Wife of Jailed Chinese Lawyer Appeals to Obama Administration

February 6, 2013 10:15 am Last Updated: October 1, 2015 11:13 am
Geng He, wife of disappeared Chinese human rights lawyer Gao Zhisheng
Geng He, wife of disappeared Chinese human rights lawyer Gao Zhisheng, seen at a rally in Washington, D.C. on Feb. 14, 2012. Geng He recently appealed to the Obama administration to help her imprisoned husband. (Shar Adams/The Epoch Times)

Geng He, wife of imprisoned Chinese human rights lawyer Gao Zhisheng called on President Obama and Secretary of State Clinton to raise their voices for her husband’s release, in an interview Jan 30 with the Sound of Hope Radio network (SOH).

Geng fled China with the couple’s two children in 2009, and they are currently living in the United States. Gao Zhisheng has been in and out of prison and brutally tortured for his outspokenness about the lack of human rights in China and for defending members of blacklisted groups, including Falun Gong practitioners. 

With the Chinese New Year near, Geng He said: “I am a lonely stranger in a foreign land. With each passing holiday, I miss my family all the more.” 

Geng said she appreciates all the efforts by Western political leaders and other kindhearted people to draw attention to her husband’s situation and try to rescue him. 

In particular, Geng mentioned a letter she received from the Tom Lantos Human Rights Commission and from U.S. Congressman Frank Wolf (R-Va.). 

Wolf “adopted” Gao on Dec. 6, 2012 as part of the newly founded “Defending Freedoms Project” that aims to have members of Congress adopt and advocate for the release of a prisoner of conscience worldwide.

“I really appreciate their advocating for Gao Zhisheng’s freedom,” Geng told SOH. “I mailed the letter to Gao Zhisheng and our families to let them know the U.S. government still cares about him.”

On Jan. 12, after nearly 10 months of being refused, Gao’s two brothers were given permission to see Gao at the remote Shaya Prison in Xinjiang Province. However they were not allowed to ask Gao any questions about the treatment and life inside the prison.

Geng said she hopes that the international community can apply more pressure on the Chinese Communist Party (CCP) to release Gao and that attention to Gao’s situation should be continuous. She especially advocated letter-writing campaigns.

“During the Chinese New Year and Gao Zhisheng’s birthday, you can send Gao a card or write him a letter. If Gao is not able to receive them, at least the prison police receive them. They will know that so many people care about Gao. They will also get to know what a kind person Gao is. I hope the police will treat him better,” Geng said.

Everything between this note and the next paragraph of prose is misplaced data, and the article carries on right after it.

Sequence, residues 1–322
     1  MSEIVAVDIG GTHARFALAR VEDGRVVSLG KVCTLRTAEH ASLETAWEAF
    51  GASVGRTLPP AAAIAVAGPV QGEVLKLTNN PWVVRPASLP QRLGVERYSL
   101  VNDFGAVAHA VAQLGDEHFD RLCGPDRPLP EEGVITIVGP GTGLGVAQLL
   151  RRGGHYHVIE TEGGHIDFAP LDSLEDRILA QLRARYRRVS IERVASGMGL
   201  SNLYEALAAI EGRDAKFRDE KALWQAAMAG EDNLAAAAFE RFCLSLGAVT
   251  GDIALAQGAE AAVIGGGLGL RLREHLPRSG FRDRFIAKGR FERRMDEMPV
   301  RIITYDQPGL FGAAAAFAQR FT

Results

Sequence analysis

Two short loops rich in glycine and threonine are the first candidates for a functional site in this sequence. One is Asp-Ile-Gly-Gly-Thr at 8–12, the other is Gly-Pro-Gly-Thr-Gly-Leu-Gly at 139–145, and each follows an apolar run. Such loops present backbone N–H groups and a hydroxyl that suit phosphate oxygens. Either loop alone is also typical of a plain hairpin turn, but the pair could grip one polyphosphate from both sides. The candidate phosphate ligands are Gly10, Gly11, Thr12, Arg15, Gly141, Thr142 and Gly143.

Geng also made an appeal to President Obama and Secretary of State Clinton. 

“Since Gao Zhisheng was arrested in August 2006, the persecution of him is still ongoing. I think U.S. high level government officials like President Obama and the Secretary of State should raise their voices. 

“Gao Zhisheng has suffered so many years of persecution, and the lawyer we hired for him is not allowed to get involved. No one is allowed to ask anything about Gao Zhisheng’s situation. 

“We hope that our families at least have the right to visit him, send letters, and have conversations with him. These are all things we need to fight for.”

Geng told SOH that for Martin Luther King’s Day on January 21, her son’s school teacher asked the students to share something about their parents that makes them proud. Geng said she told her son about the hardships his father experienced during childhood and why the Chinese regime has been persecuting him.

“I told him: ‘When your father became an attorney, he helped poor people with their cases and suffered persecution for it. Your father’s dream is that China can become strong and prosperous like the United States, and that China can also have democracy, human rights, and freedom of belief like the United States. Your father’s dream is the same as Martin Luther King’s.’ 

“My son answered: ‘Wow, that’s great! My dream is the same as my dad’s, and my dad’s dream is the same as Martin Luther King’s!'”

Translated by Jenny Yang and written in English by Gisela Sommer.

Read the original Chinese article.  

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